Walking into the narrow space of the loop gallery, the visitor is confronted with Tara Cooper’s Contre vents et marées. The viewer is breezily welcomed into the space as the gentle whir of a stationary fan fills the ready-made sails of Cooper’s self-described “floating platforms”. The show is comprised of three large installation pieces, a combination of found objects, sculpture and ceramics related to the life of a mariner, or one who charts the ever-changing winds. Fully entering into the space means coming face to face with the central work and namesake of the exhibition, Contre vents et marées.
Tara Cooper, Contre vents et Marées (against winds and tides), steel towers, sewn banner with screen-print, metal weather vanes, mirror, wooden platform, woodcut print, screen printed arrows, steel “North” weather balloon instruments, 2015
The main component of the installation is a large metal tower, seeming to echo the lifeguard stands of days gone by. Standing atop the tower is a rusty weather vane pointing to Cooper’s hanging sail whose quilted block letters detail the title and flap carelessly in the artificial wind. Our eye is then lead to the base of the work, where two teal arrows appear on a dark blue base pointing to a paper cloud cut out. Words have a great presence in the exhibition, specifically in this work whose translation ‘against wind and tide’ is a French idiom expressing the ability to continue against all obstacles. Here Cooper’s sculptural installation reflects a certain folksy boldness.
The opposing wall offers a respite to the artist’s more dynamic ‘floating platforms’. Instead, we are offered a series of ink drawings revolving around the Beaufort wind scale. A meteorological measurement system that correlates wind speed to observed physical conditions. These monochromatic drawings explore each of the twelve levels in Sir Francis Beaufort’s scale, detailing sea conditions at the varying stages. Tara Cooper has spent a residency in Brigus, Newfoundland with the Landfall Trust. Her stay in the Maritimes allowed Cooper to see first hand the importance of meteorology on this society’s way of life. In particular, the artist was interested in how mythology and storytelling became inescapably intertwined with the weather.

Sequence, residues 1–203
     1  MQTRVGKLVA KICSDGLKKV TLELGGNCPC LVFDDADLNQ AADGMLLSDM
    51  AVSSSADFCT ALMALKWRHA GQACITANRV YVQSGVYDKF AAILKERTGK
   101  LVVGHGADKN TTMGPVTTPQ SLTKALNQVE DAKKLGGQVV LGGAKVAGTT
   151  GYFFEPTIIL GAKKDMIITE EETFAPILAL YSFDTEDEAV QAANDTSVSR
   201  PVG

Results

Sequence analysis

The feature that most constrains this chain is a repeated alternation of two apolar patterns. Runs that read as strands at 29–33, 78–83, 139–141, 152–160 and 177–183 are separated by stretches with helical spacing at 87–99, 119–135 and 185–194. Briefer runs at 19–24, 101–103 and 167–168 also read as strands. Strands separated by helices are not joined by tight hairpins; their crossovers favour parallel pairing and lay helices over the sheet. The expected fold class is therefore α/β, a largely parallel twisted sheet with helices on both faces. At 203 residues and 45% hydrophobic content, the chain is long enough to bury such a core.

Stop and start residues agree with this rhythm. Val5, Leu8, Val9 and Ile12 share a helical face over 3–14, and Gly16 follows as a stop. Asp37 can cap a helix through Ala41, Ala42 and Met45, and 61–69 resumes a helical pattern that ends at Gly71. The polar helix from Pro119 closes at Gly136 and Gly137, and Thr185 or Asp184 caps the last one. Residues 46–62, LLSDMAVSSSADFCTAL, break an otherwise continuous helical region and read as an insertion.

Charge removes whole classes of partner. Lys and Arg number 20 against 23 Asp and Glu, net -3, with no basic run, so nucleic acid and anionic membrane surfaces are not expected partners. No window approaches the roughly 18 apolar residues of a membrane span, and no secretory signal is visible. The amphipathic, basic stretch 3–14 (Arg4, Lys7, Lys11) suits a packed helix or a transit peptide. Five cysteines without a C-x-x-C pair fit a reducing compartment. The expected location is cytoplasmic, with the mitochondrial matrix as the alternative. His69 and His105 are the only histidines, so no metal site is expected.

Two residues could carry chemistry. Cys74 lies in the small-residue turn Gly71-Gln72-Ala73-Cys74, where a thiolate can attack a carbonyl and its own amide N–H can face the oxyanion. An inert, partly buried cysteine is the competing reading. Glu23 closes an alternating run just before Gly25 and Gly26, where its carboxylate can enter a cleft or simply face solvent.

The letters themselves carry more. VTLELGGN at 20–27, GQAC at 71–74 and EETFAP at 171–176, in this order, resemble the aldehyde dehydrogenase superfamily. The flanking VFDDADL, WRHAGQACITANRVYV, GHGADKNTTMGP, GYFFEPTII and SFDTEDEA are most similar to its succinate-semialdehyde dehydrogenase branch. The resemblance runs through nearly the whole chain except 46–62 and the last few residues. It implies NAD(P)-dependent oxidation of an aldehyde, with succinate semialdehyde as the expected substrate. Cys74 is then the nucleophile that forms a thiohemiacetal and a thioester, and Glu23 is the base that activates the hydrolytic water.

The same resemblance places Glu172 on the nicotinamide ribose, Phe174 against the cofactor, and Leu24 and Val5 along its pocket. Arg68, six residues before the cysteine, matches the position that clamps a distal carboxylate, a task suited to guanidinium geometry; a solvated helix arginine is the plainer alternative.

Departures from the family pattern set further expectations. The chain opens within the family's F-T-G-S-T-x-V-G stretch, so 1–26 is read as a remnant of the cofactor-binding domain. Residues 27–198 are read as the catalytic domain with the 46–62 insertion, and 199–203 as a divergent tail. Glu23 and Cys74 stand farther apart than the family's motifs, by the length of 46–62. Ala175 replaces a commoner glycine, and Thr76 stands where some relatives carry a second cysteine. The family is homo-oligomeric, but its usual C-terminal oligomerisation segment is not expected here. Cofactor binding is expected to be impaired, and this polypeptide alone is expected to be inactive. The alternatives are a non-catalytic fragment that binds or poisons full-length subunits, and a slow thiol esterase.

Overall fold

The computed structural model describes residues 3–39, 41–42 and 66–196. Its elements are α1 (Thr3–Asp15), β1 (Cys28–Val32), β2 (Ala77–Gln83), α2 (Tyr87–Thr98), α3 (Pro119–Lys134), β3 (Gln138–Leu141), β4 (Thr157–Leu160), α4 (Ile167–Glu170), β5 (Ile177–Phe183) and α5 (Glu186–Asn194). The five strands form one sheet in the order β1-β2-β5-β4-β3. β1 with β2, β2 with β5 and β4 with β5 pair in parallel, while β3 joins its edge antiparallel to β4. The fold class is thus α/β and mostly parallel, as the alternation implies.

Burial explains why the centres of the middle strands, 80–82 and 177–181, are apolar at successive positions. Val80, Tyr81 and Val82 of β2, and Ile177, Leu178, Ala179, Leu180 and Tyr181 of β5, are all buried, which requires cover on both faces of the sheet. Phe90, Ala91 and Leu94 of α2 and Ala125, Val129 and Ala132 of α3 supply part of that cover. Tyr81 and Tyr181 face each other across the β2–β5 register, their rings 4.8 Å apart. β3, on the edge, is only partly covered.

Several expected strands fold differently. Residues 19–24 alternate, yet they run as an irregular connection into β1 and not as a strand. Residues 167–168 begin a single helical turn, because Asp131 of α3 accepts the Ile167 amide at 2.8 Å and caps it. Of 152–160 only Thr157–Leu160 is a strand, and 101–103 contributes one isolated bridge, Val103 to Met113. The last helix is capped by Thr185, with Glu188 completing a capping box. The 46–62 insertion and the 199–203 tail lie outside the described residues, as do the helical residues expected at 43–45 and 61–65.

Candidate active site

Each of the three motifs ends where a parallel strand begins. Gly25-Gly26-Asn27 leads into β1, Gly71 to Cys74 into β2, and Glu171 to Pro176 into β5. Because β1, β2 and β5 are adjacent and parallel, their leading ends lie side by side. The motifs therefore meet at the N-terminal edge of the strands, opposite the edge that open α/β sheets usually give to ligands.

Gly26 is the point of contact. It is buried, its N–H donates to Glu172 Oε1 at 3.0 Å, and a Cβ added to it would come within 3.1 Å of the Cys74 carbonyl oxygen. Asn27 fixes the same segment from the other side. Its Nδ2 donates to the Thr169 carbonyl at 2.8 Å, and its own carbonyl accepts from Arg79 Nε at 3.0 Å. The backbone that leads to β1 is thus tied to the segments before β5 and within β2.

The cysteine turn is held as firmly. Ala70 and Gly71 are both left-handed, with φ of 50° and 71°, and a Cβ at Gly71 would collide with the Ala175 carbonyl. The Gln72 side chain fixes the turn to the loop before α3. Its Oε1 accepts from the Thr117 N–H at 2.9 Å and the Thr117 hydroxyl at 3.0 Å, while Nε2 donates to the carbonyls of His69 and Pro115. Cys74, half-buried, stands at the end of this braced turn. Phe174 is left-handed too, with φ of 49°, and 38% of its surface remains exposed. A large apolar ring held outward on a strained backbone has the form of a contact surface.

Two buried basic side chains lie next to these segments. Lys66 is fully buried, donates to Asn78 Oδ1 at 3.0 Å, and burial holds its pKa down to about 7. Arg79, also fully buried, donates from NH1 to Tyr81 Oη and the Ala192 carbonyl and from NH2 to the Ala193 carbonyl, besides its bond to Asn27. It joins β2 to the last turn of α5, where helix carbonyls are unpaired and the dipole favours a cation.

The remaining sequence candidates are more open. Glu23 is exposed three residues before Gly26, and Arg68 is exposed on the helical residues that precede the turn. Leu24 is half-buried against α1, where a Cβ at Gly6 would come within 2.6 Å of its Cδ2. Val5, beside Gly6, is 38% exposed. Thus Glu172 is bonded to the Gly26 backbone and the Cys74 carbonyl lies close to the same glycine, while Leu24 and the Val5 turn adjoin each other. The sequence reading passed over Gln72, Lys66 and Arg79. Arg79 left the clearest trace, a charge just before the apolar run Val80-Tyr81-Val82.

The changing tides of the gallery bring us to the second exhibition, Richard Sewell’s Compression. Comprised of three large hanging tarps, each with a series of relief elements created with duct tape and plastic objects procured from the local hardware store. Sewell, a retired professor of the visual arts, has created a complex glyphic language. The legend for each element in the composition is a meditation on how we notate and deconstruct a work of art. The catalyst for this project was the system of notation for dance, an intricate language used prior to the days of video technology to expound the details of a choreography. In a similar fashion, Sewell breaks down each component of his work, with a title and almost impenetrable description.
Richard Sewell, stor*emRe*ox*ar*chy (storage + Rembrandt + box + hierarchy) a straight*ti*cal occurrence, polyethylene and vinyl tubing, cable-ties, screws, straight pins. Coroplast sheet: opaque, cut, braced, and/or laminated, Rubbermaid Snap Case Storage box, and wall-clip, 1994-2016
The most eye catching component, is the “stor*emRe*ox*ar*chy (storage + Rembrandt + box + hierarchy),” where a print of Rembrandt’s self-portrait is framed and covered by a Rubbermaid plastic container. Sewell’s notation system and his decoding of art is not always easy to decipher.
Text and photo: Meghan O’Callaghan
*Exhibition information: February 27 – March 20, 2016, Loop Gallery, 1273 Dundas Street West, Toronto, (three doors west of Dovercourt). Gallery hours: Wed – Sat 12 – 5, Sun 1 – 4 p.m.